Sunday, April 21, 2013

Guest commentary - Scent of an election

by SUZANNE MILLS Sunday, April 21 2013
Reproduced unedited from NEWSDAY

What’s that I smell? Is it pitch? Call me cynical but when ministers start talking about road paving programmes, you know it’s election season. This time around, according to Minister of Local Government Suruj Rambachan $310 million will be spent to pave 797 roads. 

He hasn't specified when this work will start, but he has said the project will need two to three months for its execution. You do the math. Rambachan was touring San Juan when he made the announcement. The San Juan/Laventille Regional Corporation is currently controlled by the PNM and the PP’s expressed plan is to capture the PNM’s three corporations. The campaign is on.

I’ve never understood the link between elections and paving. Do they think us so gullible, so easily intoxicated by that aroma of pitch that we are compelled to vote for the party that resurfaces our streets? 

How did we become indebted to government when regular maintenance of infrastructure is its job? Paving is a ridiculously transparent strategy to win votes. Little wonder that last week’s article on Party Hearty brought serious inquiries about our “organisation”. 

Several PP supporters seem worried about the outcome of this election-they think the PNM might clean sweep the East-West Corridor. 

In a letter to the editor earlier this week Senior Counsel Israel Khan attempted to make a case against the Prime Minister’s unwillingness to break the tradition of confidentiality of information that binds the Office of the Prime Minister and the Office of the President. 

The President’s letter to the PM on section 34 had been placed in the public domain, he argued, and thus swing voters in the East West Corridor had to be convinced that the PM had responded appropriately. Her letter to the President he said should be laid in Parliament.

I cannot concur. Khan contends that nothing succeeds in politics but success itself, so one assumes he is suggesting that the Prime Minister take the low road. Or maybe she should allow Dr Rowley to bully her into revealing the contents of her letter to the President. Correspondence between the two offices must remain confidential if a cordial relationship built on respect and trust is to be maintained but lately the correspondence is making its way into the press. (Newsday recently published a story of a letter from the Prime Minister to the President in which she asked him not to appoint new Integrity in Public Life commissioners.)

Were Dr Rowley Prime Minister he would be outraged if he was expected to make public his letters to the President, as he would be if a UNC-led Opposition tried to make the President do their bidding. Yet he has no problem outlining for President Anthony Carmona his responsibilities.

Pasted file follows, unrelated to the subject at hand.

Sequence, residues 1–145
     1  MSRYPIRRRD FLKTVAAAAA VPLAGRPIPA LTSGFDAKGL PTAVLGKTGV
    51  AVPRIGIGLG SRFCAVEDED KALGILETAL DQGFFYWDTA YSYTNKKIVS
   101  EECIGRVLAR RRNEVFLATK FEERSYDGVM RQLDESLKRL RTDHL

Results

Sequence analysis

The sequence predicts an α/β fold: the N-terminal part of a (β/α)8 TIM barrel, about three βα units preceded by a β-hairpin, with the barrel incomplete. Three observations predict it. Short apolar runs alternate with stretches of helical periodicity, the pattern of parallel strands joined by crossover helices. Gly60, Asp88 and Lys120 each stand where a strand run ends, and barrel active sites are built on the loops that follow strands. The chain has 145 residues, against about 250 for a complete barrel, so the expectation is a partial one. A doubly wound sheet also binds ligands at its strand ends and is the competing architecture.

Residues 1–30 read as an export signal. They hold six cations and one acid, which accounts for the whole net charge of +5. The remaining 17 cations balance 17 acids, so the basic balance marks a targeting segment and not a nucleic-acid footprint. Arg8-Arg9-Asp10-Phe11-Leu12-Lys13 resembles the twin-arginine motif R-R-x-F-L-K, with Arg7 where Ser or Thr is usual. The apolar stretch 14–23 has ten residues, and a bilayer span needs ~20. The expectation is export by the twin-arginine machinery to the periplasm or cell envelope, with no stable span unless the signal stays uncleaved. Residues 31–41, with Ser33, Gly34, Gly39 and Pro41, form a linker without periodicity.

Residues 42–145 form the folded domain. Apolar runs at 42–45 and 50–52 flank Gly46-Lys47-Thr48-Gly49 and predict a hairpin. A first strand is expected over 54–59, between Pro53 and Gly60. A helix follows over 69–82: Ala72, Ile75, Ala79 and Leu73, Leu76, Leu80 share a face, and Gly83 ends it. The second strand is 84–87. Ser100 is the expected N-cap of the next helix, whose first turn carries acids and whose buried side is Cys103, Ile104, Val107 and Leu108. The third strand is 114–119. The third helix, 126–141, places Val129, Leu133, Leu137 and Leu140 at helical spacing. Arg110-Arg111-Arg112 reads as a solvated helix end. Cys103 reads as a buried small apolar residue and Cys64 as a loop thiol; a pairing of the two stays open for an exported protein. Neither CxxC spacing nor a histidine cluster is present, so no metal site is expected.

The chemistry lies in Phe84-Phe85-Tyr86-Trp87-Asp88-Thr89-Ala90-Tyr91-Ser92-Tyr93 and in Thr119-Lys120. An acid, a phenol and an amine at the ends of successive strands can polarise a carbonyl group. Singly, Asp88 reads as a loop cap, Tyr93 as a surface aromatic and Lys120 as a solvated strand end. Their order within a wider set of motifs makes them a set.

“The new President,” he declared, “is to ensure that the unfinished business of the Office of President must be taken to its logical conclusion. The Prime Minister must be made to subject herself to Presidential scrutiny.”

How can Rowley tell the new President what he must or must not do? How does Rowley know the business is unfinished? Perhaps Carmona is of the view that the matter has been taken to its logical conclusion, particularly since President George Maxwell Richards proclaimed the section without question. Perhaps he is of the opinion that the PḞs response was apropos and considers the matter closed. We do not know what Carmona is thinking, but the Roundtable cannot dictate to the President his role in this or any circumstance.

I have to agree with another letter writer, Ashvani Mahabir, who says that the Roundtable is propping itself upon deflating national issues. Section 34́'s early proclamation disgusted the populace at the time and they demonstrated their disapproval, but the people are generally disinterested in Section 34 nowadays.

Talk to them about crime, about the cost of living, health care, jobs. The Roundtable has presented itself as the gatekeeper of democracy and good governance, but the only thing that it is keeping is the Roundtable in the limelight.

Mahabir also makes another interesting point. The informal amalgamation of the PNM, the MSJ, the joint trade union movement and several social and civil bodies has become the official opposition in the country, replacing the voice of the parliamentary opposition. 

I think I can guess why. Dr Rowley sees there is strength in numbers and he recognises that in Parliament he cannot win - he leads a side that cannot hold its own during a debate.

The remedy: an expedient association with groups who are, or have become anti-government and who pressure the President to do their bidding. Rowley and his cohorts feel they can ride that Section 34 train into office. It́s election time. They have to find a way to compete with all the road paving.

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Jai & Sero

Jai & Sero

Our family at home in Toronto 2008

Our family at home in Toronto 2008
Amit, Heather, Fuzz, Aj, Jiv, Shiva, Rampa, Sero, Jai